Grading Policy
Your grade will be a combination of the following items.
 Exams (50%): There will be three exams covering the main topics of the course. The tentative exam schedule is posted on the class schedule table. There is no comprehensive final exam. All exams are open book.
 Assignments & HW (30%): The assignments are meant to be practically oriented, thought they may include other questions. You'll be asked to implement some algorithms and apply them to real datasets, to complement the theory. There will be roughly one assignment every two weeks (56 assignments in total).
 Data Mining Challenge Problem (20%): We will endeavor to take part in a public data mining competition, e.g., those held by Kaggle. Details will be provided later. This will involve applying data mining methods to realworld challenge tasks, and then assessing the results in a blind evaluation. If this is not feasible due to any reason, the 20% will be distributed equally among the other two categories (e.g., exams 60%, assignments: 40%).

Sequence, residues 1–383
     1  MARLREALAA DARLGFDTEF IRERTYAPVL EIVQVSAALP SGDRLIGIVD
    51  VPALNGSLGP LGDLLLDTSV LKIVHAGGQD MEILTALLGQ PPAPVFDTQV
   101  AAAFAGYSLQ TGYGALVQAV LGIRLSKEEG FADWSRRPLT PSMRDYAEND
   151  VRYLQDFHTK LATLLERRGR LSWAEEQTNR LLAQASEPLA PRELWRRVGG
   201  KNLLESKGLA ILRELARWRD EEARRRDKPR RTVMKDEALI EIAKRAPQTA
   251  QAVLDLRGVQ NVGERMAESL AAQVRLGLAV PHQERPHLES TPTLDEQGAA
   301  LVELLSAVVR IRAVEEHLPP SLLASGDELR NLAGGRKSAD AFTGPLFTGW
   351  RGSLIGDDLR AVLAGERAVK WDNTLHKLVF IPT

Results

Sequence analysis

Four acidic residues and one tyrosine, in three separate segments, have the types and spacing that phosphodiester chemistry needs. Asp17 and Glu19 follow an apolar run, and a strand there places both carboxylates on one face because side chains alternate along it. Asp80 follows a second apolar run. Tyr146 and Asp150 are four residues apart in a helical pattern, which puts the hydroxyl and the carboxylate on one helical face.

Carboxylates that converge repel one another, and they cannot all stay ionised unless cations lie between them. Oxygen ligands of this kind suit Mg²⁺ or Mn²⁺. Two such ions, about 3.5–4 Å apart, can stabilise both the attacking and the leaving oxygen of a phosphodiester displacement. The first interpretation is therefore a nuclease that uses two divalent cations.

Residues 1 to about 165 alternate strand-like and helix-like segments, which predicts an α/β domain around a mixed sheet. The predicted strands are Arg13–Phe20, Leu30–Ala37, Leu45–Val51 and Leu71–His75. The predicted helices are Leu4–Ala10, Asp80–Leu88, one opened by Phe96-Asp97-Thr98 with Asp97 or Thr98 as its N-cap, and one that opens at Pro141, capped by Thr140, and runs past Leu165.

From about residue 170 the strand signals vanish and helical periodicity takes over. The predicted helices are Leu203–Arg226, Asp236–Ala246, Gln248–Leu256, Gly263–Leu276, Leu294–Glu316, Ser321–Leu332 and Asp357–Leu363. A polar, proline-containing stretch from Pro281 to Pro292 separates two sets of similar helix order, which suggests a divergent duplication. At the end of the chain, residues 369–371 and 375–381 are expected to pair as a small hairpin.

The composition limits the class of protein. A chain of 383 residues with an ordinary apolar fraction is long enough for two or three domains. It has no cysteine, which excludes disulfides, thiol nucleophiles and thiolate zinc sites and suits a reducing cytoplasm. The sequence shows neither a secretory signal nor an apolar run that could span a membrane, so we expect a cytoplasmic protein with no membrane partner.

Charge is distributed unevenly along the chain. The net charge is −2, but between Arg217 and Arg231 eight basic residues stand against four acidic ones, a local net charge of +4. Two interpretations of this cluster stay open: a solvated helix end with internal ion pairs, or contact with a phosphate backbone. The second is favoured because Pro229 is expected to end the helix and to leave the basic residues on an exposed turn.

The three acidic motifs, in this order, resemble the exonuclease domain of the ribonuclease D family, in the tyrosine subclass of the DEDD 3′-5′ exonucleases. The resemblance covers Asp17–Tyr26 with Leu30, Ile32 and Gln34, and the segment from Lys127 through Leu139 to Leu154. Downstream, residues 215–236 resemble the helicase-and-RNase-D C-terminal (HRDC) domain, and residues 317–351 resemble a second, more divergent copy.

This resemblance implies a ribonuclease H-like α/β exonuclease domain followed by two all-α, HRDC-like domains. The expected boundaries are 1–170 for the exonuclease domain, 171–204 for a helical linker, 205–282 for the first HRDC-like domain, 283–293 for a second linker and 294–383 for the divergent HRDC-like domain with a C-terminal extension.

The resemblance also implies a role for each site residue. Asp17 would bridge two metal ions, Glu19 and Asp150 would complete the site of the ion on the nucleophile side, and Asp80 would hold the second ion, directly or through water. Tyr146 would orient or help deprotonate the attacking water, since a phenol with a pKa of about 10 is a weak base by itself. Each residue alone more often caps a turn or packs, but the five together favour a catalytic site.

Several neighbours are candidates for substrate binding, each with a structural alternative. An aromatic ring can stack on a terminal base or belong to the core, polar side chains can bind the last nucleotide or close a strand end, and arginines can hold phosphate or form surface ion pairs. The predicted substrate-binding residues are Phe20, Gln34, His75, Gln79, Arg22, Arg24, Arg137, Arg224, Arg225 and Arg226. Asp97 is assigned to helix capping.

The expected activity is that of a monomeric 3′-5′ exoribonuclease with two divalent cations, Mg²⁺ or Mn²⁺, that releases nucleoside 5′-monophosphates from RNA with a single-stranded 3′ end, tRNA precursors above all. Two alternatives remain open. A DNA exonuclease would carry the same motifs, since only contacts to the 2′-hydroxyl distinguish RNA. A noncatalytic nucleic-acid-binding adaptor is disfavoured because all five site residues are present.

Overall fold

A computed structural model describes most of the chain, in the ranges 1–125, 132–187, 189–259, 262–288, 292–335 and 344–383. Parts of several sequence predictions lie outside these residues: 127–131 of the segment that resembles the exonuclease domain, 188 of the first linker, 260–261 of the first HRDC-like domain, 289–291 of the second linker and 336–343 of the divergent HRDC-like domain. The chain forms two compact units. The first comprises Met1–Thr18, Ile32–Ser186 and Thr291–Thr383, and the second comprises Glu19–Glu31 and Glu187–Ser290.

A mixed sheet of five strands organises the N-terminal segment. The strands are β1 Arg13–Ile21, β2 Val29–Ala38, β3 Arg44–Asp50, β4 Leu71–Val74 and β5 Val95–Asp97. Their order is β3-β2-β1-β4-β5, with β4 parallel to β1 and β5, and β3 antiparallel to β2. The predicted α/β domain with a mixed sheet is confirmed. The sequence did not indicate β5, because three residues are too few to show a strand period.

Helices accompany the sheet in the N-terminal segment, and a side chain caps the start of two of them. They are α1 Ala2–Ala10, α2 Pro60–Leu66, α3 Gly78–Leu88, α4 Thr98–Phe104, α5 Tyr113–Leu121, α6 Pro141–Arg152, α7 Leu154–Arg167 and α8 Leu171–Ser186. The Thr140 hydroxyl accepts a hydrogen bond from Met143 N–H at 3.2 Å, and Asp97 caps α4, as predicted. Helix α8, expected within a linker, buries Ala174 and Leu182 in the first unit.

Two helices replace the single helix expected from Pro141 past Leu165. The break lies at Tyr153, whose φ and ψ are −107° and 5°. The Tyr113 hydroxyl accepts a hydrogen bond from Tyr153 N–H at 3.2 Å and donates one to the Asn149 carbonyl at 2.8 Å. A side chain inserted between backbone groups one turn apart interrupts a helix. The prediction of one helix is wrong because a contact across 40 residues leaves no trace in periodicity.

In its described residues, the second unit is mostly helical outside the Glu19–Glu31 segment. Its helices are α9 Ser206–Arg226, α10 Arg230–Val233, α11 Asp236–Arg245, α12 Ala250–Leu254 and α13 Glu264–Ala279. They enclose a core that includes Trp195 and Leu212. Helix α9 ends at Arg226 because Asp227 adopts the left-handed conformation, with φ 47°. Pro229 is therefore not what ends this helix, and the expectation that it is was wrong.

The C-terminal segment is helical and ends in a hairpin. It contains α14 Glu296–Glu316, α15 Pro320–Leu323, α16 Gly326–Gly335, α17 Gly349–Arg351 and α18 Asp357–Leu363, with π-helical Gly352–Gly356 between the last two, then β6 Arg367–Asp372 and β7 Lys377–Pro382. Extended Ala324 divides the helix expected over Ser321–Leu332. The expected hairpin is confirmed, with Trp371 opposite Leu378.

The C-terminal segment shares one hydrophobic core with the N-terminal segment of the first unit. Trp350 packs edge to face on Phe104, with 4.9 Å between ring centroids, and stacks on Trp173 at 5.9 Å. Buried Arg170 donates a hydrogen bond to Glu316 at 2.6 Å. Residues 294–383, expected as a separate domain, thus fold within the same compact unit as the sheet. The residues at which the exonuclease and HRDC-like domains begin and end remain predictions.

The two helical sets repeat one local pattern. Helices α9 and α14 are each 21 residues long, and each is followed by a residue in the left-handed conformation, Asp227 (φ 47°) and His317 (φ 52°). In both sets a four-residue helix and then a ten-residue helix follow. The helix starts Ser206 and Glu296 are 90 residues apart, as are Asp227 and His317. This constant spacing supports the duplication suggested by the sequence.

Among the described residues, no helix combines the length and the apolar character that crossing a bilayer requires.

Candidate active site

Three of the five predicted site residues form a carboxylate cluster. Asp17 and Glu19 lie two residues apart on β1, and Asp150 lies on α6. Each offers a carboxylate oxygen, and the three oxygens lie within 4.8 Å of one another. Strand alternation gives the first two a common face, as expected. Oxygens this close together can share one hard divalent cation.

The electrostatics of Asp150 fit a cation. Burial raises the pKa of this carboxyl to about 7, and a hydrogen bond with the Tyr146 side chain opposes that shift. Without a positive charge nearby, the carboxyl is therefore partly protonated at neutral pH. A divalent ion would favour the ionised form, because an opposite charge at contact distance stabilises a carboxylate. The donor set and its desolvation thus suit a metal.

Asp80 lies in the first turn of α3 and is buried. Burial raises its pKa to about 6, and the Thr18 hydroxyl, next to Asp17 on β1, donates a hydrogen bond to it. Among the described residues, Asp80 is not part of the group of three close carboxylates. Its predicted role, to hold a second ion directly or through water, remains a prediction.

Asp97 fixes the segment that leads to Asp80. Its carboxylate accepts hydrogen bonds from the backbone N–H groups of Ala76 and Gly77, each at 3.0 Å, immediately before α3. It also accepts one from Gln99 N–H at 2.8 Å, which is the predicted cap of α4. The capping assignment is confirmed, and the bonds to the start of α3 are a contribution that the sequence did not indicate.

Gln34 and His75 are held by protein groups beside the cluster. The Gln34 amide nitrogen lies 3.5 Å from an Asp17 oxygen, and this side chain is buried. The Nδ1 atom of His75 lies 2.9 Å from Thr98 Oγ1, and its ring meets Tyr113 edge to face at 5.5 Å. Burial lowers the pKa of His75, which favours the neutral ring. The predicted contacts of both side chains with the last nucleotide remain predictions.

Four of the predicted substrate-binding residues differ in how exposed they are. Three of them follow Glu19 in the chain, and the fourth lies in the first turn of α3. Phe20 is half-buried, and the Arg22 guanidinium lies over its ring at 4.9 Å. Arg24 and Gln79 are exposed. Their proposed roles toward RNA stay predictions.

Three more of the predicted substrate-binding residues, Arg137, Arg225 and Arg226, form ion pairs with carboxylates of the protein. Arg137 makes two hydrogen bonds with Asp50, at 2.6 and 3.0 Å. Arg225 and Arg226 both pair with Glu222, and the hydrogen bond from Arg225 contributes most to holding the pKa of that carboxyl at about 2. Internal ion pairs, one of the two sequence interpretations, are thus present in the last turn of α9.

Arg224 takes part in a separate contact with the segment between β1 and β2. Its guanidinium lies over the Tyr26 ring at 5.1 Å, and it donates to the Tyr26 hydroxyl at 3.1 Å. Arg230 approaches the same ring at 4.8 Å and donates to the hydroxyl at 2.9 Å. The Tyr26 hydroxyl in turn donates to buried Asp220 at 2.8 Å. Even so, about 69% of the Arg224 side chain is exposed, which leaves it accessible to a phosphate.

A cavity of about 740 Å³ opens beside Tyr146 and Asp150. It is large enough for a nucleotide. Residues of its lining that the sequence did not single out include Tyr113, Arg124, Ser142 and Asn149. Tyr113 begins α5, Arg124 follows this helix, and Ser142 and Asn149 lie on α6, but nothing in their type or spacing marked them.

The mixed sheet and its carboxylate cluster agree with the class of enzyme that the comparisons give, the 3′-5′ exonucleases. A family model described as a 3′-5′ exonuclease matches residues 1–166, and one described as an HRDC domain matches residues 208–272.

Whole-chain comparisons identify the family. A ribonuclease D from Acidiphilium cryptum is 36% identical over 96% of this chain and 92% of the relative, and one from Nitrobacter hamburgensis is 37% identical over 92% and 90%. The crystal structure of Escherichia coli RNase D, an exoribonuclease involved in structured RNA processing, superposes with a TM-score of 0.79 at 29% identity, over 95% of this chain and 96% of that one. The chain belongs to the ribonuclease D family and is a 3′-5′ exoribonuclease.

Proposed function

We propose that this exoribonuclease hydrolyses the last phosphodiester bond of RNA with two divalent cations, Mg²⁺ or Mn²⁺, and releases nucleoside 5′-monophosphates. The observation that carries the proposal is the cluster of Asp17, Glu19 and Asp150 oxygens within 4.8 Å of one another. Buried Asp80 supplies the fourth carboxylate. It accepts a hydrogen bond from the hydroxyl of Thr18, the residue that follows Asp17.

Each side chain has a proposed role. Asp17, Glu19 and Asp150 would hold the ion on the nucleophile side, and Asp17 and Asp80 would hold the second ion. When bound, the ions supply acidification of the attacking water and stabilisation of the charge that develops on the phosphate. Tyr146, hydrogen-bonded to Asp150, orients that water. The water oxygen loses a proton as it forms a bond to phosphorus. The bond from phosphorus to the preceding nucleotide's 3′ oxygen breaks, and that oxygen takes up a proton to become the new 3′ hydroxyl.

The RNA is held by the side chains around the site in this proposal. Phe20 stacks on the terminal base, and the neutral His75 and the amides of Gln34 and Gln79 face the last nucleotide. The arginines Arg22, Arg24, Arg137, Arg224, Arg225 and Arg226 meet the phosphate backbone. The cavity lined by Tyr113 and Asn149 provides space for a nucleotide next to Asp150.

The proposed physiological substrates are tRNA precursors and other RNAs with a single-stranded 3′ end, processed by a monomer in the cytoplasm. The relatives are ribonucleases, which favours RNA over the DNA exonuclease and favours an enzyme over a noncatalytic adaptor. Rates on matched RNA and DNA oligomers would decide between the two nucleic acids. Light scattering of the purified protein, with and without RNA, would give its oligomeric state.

Other Policies
 Attendance: Students are strongly encouraged to participate in the class, and should try to attend all classes. Students are responsible for any topics and assignments for the missed classes.
 Laptops: Absolutely no laptops will be allowed in class during lectures or exams.
 Late Assignments: Most assignments will be due just before midnight on the due date. Students can get an automatic one day extension for a 20% grade penalty. No late assignments will be accepted after the midnight following the due date.
Academic Integrity
You may consult other members of the class on the assignments, but you must submit your own work. For instance you may discuss general approaches to solving a problem, but you must implement the solution on your own (similarity detection software may be used). Anytime you borrow material from the web or elsewhere, you must acknowledge the source.
The school takes cases of academic dishonesty very seriously, resulting in an automatic "F" grade for the course. Students should familiarize themselves with the relevant portion of the Rensselaer Handbook of Student Rights and Responsibilities on this topic.